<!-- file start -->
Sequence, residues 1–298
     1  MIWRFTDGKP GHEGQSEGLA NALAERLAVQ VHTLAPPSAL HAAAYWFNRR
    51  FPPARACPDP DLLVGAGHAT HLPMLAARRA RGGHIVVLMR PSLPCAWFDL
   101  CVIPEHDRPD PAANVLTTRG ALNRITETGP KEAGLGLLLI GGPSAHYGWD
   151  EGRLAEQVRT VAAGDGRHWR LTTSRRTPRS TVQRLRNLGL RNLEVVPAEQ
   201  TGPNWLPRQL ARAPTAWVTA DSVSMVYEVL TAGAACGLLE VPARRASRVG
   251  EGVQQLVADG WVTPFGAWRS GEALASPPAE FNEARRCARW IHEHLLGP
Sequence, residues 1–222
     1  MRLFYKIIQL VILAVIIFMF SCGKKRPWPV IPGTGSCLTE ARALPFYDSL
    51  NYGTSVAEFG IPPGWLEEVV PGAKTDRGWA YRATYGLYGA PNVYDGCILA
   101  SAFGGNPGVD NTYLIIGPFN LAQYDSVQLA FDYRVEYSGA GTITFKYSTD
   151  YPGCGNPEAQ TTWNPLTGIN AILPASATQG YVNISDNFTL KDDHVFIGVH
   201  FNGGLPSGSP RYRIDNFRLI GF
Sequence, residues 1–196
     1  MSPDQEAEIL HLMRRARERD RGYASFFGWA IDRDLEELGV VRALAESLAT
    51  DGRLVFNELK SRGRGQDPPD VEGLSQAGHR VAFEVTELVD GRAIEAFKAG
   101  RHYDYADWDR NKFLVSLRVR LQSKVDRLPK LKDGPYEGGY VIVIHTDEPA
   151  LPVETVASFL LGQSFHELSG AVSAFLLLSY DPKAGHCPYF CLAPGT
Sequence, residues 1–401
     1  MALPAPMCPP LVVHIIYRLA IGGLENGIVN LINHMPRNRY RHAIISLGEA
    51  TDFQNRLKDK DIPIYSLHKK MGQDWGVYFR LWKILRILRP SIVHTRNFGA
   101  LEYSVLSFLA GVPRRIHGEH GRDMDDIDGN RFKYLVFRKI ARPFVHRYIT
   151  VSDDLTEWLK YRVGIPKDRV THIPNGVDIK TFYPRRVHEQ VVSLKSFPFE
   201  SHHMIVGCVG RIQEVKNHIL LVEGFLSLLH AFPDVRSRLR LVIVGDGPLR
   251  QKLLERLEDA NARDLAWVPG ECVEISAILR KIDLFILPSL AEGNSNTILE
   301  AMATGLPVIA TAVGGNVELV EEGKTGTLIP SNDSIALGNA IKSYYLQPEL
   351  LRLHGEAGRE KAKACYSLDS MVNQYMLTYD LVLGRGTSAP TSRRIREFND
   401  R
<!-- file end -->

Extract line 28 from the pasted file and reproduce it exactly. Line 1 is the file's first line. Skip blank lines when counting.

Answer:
   401  R